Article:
“What I was not prepared for was that Amazon would preemptively ban the sale of NAC-containing supplements. This single act has effectively removed NAC from the marketplace and jeopardized the health of consumers. This is even more troubling coming at a time when we are dealing with a pandemic and the need for immune support is more important than ever. Because of this action by the FDA, many vitamin companies have decided to comply and simply remove NAC entirely from their product line.
“For OLA LOA it has meant redesigning our product formulas and creating new packaging which comes at a significant cost and delay along with lost sales. It has also meant that we are unable to distribute through the largest retailer in the World, which for many consumers is the only place they shop and learn about dietary supplements.“
With more than 1,500 NAC-containing products on the market, OLA LOA is not the only supplement company with a dilemma on its hands. But refusing to acknowledge any dilemma, the Natural Products Association (NPA) has been correctly advising its members to continue selling NAC-containing supplements since the FDA has not yet taken final action on NAC and since it is still an open question as to when NAC first appeared on the market as a drug. NPA’s president, Daniel Fabricant, has spoken plainly: “Like we’ve told our members, sell it direct. Sell it through other vendors because it’s not an unlawful ingredient. This is by no way a closed chapter with FDA on NAC.” I agree.
The Council for Responsible Nutrition (CRN), another trade association, also agrees. In a powerful letter, dated December 4, 2020, CRN’s Steve Mister and Megan Olsen challenged the FDA’s actions as “legally invalid.”
Legal Arguments Destroy the FDA’s Position on NACCRN’s letter makes a number of powerful arguments, joined in by many others, that undercut the FDA’s regulatory position on NAC (and to which I have added):
- The supposed drug-approval date of “1963” for NAC is suspiciously handwritten and appears to be unsupported by any other evidence of such early approval or even the identity of the person who wrote the date.
- The drug supposedly approved for marketing in 1963 was an inhalation drug and not to be administered orally, which, according to Section 201(ff)(3)(B)(i), should be treated as a different “article” than an orally taken dietary supplement.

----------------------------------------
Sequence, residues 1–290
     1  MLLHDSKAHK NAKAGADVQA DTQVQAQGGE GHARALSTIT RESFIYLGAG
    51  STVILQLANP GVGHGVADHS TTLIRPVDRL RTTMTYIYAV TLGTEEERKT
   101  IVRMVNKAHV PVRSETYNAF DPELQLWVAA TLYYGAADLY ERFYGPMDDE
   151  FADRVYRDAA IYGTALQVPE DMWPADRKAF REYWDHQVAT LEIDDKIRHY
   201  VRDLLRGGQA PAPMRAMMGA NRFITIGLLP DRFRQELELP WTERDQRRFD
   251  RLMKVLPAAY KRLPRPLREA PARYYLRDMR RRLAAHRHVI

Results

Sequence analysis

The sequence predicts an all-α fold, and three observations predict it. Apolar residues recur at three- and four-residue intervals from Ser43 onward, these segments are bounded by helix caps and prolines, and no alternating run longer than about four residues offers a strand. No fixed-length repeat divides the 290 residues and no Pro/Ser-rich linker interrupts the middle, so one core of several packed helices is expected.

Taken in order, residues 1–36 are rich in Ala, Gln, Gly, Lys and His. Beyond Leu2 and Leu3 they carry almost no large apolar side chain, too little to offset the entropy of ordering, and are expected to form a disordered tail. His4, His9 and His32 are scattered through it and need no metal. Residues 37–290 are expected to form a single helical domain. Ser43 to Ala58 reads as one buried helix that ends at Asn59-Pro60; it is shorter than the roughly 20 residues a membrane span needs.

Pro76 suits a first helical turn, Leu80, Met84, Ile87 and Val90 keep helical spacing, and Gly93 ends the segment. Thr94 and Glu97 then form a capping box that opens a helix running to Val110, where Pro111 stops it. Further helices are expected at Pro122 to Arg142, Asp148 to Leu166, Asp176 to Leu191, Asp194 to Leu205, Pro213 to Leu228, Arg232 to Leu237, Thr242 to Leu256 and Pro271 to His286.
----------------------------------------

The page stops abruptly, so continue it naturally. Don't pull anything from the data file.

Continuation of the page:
- The first approval for an NAC-containing drug administered orally alone did not occur until 2016, well after the date of first use of NAC as a supplement.
- The first approval for an NAC-containing drug administered both by inhalation and orally occurred in 1982, but that single drug was discontinued and was not replaced by any similar drug until August 1994. Regardless, both drugs are once again different “articles” and discontinued drugs should not be used as a pretext to prevent supplements from going to market.
- Section 201(ff)(3)(B)(i) cannot be applied retroactively to any supplement marketed before the Dietary Supplement Health and Education Act (DSHEA) was passed and signed into law on October 25, 1994 since (a) Congress made no provision for retroactivity and (b) the entire purpose of that Section was to incentivize drug companies to develop new drugs, which incentive is missing if the same drug and supplement were already on the market prior to this DSHEA provision even existing.
- FDA’s sudden change to its longstanding policy of permitting dietary supplements containing NAC to be marketed is arbitrary and capricious since the FDA has multiple times referred to NAC as a dietary supplement.
- Closely related to the “arbitrary and capricious” defense, the equitable doctrine of laches forecloses any party who has unreasonably delayed or otherwise shown a lack of diligence in pursuing a claim, all to the prejudice of the other party, from bringing any action against that other party on that claim. Here, the FDA delayed for decades declaring NAC a drug only, while numerous companies already invested significant sums of money to bring NAC supplements to market and keep them there.
- The specific FDA office—the Office of Nutrition and Food Labeling—that issued the warning letters to the supplement companies making the hangover marketing claims does not have the authority to decide whether or not any ingredient is permissible or not.
- The FDA Office of Nutrition and Food Labeling did not follow the procedural requirements of the enabling statute that would allow the FDA to issue a legally binding regulatory order on the sale of NAC-containing supplements.
Editor’s Note: This article is intended for information purposes only. Because state and municipal laws vary greatly, as do the circumstances of individual cases, readers are advised to contact an attorney for specific legal advice. © Scott C. Tips 2021
Note: The views and opinions expressed here are those of the author (s) and contributor (s) and do not necessarily reflect those of the publisher and editors of WholeFoods Magazine. Information in this article is intended for educational and scientific purposes only. It is not intended as medical or nutritional advice for the treatment or prevention of disease. For medical advice, consult your personal health care practitioner.